Shenandoah focused on playoff future in second weekend of ODAC tournament
WINCHESTER – Shenandoah University’s baseball team has made a habit of reaching the NCAA Division III playoffs in recent years. Earning a spot in the regional round for the ninth time in the past 10 seasons will require a championship-level performance in the upcoming second weekend of the Old Dominion Athletic Conference tournament.
The Hornets, the fourth seed in this year’s conference tournament, very likely need to hoist the championship trophy – a feat that guarantees a playoff bid – on Sunday afternoon to earn a spot in the NCAA regional field.
Shenandoah, the ODAC’s regular season champ in each of the four seasons prior to 2018, has won the conference’s tournament title once (in 2015) since joining the league in 2013. The Hornets’ quest for No. 2 starts with a game against top-seeded Randolph-Macon at 4 p.m. Friday, the first contest in the four-team, double-elimination bracket scheduled for Friday, Saturday and Sunday at Lynchburg’s City Stadium.
“We’re kind of going in there thinking it’s win or go home,” Hornets senior catcher Chase Smallwood said on Wednesday afternoon. “We all know what’s at stake. If we wanna get to that World Series like we’ve had in mind from the beginning of the year, we’ve gotta win this weekend. We didn’t go in being the number one team for the first time in four years. We don’t have an at-large bid right now. We have to win the conference tournament in order to get to the regional tournament.”
To earn that ODAC tournament title, Shenandoah would have to win, at minimum, three games in three days on a field that also includes second-seeded Virginia Wesleyan and No. 3 Roanoke.
Friday’s matchup between Shenandoah (31-10) and Randolph-Macon (31-5-1) will feature the ODAC’s top two offenses.
The Hornets – who swept their best-of-3 series against Hampden-Sydney last weekend to reach the tournament’s final four – enter the contest leading the conference in team batting average (.333), and they rank second in runs per game (9.1) and slugging percentage (.472) and third in home runs (27). R-MC, meanwhile, is the ODAC’s leader in homers (48), slugging (.513) and runs per game (9.8) and trails only Shenandoah in team batting average (.300).
In the teams’ regular season meeting – a doubleheader in Winchester on April 21 – Shenandoah fell victim to the Yellow Jackets’ powerful offense. R-MC swept both games by scores of 18-2 and 8-4, mashing 30 hits and six home runs in the two contests.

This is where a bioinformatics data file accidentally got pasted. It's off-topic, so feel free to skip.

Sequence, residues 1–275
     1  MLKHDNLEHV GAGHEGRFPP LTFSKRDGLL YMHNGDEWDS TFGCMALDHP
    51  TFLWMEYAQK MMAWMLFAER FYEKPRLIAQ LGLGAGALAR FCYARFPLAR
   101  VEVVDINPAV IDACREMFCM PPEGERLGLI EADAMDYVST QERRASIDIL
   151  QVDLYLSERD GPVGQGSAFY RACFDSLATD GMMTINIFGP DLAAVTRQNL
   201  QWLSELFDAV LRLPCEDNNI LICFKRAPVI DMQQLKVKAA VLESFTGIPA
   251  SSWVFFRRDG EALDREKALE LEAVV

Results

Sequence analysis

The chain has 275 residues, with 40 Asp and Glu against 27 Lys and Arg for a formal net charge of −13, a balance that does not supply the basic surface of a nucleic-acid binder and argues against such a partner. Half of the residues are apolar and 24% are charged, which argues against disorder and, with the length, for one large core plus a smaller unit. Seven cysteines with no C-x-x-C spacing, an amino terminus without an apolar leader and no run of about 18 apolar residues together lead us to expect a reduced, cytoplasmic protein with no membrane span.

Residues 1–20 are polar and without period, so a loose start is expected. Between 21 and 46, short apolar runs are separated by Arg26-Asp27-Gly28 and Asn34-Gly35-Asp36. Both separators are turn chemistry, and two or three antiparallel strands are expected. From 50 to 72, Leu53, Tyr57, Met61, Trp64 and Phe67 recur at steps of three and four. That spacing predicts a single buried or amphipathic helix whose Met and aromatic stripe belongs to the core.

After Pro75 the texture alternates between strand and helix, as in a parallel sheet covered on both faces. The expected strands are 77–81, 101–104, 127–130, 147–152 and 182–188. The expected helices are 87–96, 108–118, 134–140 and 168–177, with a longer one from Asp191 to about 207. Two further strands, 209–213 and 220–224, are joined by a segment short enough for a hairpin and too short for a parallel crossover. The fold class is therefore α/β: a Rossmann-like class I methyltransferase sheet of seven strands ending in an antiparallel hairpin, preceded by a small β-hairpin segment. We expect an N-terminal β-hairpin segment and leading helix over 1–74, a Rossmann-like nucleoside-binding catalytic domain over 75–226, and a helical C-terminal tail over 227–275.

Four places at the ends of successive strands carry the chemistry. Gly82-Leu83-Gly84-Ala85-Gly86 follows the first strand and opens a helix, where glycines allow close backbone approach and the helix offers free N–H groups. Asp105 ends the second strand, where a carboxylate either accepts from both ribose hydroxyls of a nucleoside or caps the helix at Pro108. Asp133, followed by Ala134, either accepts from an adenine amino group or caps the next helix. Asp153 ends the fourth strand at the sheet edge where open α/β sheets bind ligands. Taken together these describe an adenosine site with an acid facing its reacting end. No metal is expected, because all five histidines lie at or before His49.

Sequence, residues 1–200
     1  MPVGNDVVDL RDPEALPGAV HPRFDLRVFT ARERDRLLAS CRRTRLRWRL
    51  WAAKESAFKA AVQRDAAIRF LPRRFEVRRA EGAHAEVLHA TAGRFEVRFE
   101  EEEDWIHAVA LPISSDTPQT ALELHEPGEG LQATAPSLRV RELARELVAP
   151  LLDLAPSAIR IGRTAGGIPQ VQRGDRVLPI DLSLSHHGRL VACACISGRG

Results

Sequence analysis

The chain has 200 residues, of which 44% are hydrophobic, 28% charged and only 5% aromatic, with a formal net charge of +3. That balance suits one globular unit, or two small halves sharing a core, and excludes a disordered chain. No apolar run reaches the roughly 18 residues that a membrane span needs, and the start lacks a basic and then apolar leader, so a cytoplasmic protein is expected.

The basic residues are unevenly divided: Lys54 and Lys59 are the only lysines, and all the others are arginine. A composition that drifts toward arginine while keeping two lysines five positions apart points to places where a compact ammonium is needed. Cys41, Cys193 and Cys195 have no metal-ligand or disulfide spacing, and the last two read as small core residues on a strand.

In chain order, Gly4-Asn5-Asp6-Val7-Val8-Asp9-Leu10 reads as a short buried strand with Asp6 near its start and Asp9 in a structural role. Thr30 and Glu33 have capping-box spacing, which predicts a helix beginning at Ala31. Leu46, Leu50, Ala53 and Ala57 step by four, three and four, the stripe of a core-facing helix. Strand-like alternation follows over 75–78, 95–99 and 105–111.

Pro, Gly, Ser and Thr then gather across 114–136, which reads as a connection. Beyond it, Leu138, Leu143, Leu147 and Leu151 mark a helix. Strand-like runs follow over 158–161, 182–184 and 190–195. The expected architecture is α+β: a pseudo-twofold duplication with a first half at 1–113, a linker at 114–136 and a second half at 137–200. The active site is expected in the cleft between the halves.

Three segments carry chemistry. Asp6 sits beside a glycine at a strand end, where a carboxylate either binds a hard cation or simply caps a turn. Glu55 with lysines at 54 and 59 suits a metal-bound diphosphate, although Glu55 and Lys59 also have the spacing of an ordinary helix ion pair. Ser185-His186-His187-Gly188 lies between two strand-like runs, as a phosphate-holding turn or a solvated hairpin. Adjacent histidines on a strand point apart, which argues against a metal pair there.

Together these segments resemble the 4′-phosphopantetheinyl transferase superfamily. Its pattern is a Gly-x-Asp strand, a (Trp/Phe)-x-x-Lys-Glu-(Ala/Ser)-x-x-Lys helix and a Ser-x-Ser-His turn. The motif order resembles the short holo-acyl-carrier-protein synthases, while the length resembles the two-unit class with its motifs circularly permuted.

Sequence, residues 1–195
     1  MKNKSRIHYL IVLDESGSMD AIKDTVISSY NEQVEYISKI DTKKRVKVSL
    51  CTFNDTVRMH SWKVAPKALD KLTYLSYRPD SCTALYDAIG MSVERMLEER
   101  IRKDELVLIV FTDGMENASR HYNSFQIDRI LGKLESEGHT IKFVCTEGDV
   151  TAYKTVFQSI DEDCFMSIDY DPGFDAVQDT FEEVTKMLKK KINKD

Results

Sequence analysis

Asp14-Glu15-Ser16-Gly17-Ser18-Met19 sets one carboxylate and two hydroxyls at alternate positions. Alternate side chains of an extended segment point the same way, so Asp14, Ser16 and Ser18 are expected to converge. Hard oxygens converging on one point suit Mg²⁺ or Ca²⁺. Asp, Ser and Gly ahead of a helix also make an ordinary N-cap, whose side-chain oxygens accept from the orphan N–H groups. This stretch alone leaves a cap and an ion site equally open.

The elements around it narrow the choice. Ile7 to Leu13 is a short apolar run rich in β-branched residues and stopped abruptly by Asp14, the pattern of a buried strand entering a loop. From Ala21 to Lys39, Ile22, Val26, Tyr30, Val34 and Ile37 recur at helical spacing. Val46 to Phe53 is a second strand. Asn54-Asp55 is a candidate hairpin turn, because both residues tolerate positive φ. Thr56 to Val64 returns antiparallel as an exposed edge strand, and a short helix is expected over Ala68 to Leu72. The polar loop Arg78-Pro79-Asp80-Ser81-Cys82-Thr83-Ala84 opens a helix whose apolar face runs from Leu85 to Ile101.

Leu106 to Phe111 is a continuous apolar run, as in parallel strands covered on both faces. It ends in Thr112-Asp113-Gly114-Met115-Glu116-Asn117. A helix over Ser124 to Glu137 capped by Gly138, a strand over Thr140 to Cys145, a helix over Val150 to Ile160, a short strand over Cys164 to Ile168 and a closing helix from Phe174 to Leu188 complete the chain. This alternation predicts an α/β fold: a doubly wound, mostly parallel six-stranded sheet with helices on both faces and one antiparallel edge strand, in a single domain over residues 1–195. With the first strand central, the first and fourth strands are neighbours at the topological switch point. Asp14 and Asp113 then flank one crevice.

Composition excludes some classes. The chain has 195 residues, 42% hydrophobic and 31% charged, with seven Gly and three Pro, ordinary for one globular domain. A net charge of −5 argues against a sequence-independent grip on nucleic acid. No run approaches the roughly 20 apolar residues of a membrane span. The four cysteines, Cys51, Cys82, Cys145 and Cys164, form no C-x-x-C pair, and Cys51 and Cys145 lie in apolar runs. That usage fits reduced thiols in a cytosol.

Slugging senior first baseman Joseph Tuzzolo – the ODAC leader in home runs (11) – went deep twice for R-MC and had six RBIs in those two games against SU, while Michael Nickles belted three homers and drove in six.
The Yellow Jackets – who also rank second in the ODAC in team ERA (3.52) – put up 17 runs in each of their two wins over No. 8 Bridgewater in the first round of the tournament last weekend.
“They can make a scoreboard look like a pinball machine,” said Shenandoah head coach Kevin Anderson, whose team has won four straight games after losing four of five late in the regular season. “They’ve got power. They run the bases well. They pitch well. They really don’t have any weaknesses. That makes you play – I don’t wanna say error free, but you better be on point or it can be a long day for you.”
Depending on the outcome of Friday’s contest, Shenandoah will play either Virginia Wesleyan or Roanoke on Saturday. The tournament champion will be determined on Sunday, with two teams being eliminated on Saturday.
The Hornets, who finished the regular season 14-6 in conference play, went 1-5 against the other three teams left in the ODAC tournament, which began last weekend with four best-of-3 series featuring the league’s top eight teams.
Shenandoah’s lone win against the ODAC’s top three this season came against Virginia Wesleyan, a 7-5 victory in game two of a doubleheader that marked the end of regular season conference play on April 28. The Hornets were outscored by a combined total of 59-26 in their six games against R-MC, Virginia Wesleyan and Roanoke.
Though it’d be very difficult for Shenandoah to make the NCAA regional field without winning the ODAC tournament, Anderson said failing to win the conference title wouldn’t necessarily mean an end to the Hornets’ season. Recipients of the NCAA’s 16 Pool C (at-large) bids will hinge on how many top seeds across the country win their respective conference tournament titles, he added.
In the latest regional rankings released last Thursday on D3baseball.com, Shenandoah was absent from a nine-team list in the South Region that included Randolph-Macon (No. 1), Virginia Wesleyan (4) and Roanoke (9).
“I think all four teams are capable of winning a region and going to the World Series. That’s how good the ODAC is,” Anderson said. “I think that if we do two-and-barbecue, we probably won’t go. But if we can get down there, make a good showing, get to the championship game. Of course our goal is to win it, but that would get us to 33, 34 wins. I think it would be very difficult to keep a team out of the NCAA regional with 33 or 34 wins.”